PeerNova has been previously disclosed. PeerNova is a ledger company in Silicon Valley, one of the early ones, it's been largely -- they stayed in stealth mode a while. They've come out of stealth mode run by some very capable people and we have a nice investment there and IdentityMind is not blockchain but it is a fraud prevention company and we've done so many deals with companies over the years and helped them develop their products and then they went on and got great value, great valuations.

We thought it was time that we start -- some of the companies that we do business with we want to invest in because -- and help guide the development of their products and IdentityMind is one of them and another great group in Silicon Valley.

Another, Peace Coliseum that's the name of our new building, the glass that goes in Peace Coliseum we made a million dollar investment in this glass company. It's at an $800 million valuation so it's not a controlling state by any means but our co-investors are high quality people like Corning and such and then MarkaVIP is a marketplace site in the Middle East that we are now -- we've been selling to actually since the beginning of the year selling through. We think this is a nice company and we made another -- we made a small investment there as well.

Question-and-Answer Session

A - Patrick Byrne

Okay, so you can e-mail us questions but in the meantime, I have a list of 12 questions that have been sent in. We will be running through. I may paraphrase these to conserve on time.

What are your current plans to monetize your crypto-related assets from a revenue and potential spinoff stand point? The right way to think of Medici for the moment is an incubator. We are just reaching the finish line with some products. We have intense global interest from large financial players. We are just reaching the point where we can start introducing some products, I think you will see an announcement this quarter on that, on something that will be historic but our goal at this point -- don't really ask me about the revenue and such of these -- they're tiny companies in the grand scheme of things.

They're really -- it's an incubator and it's just a cost center at the moment but we think that as we finish up this technology we may have -- either within these companies or by licensing within these crypto-investments we've made either in the -- we'll be introducing products that other people can avail themselves of and pay us fees for or we can license these technologies or I'm open to the right kind of partner who would like to make a strategic investment in one of these and we become sort of a dev center for them and that they bring to market, that also works for me.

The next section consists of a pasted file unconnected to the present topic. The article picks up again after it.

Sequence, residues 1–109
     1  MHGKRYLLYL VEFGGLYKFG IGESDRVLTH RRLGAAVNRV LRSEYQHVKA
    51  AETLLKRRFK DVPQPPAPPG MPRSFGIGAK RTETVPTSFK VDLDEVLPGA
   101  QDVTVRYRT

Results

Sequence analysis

But I think that in the interest of -- I don't want to be chasing those until our products hit the market that demonstrate how far ahead of the world we really are. And again, I think that you'll see a historic announcement in the weeks ahead; if all goes well, about four-ish weeks from now.

How should investors feel about the departure of long-time executive Stormy Simon? I hope they feel as sad as I. This is like Stormy and I are, this is like Simon & Garfunkel, she breaking up. She wasn't here quite from the beginning but she came within a few -- couple, few years of the beginning and was really pivotal at many points in our history; played a pivotal role. I understand completely her desire to -- she's been letting me know for some time that she was ready, she was ready to tap out and do other things with her life and how to manage gross margins and such.

So, I also had this -- and since you're asking about Stormy I'll bring up Mitch. Mitch, we have announced Mitch has left as well. Here's the situation, I knew last August I was quite sick and I needed some people to bridge me, and Stormy and Mitch did a good job and bridged me while I was going through a lot of bad medical treatment and which I finished in March.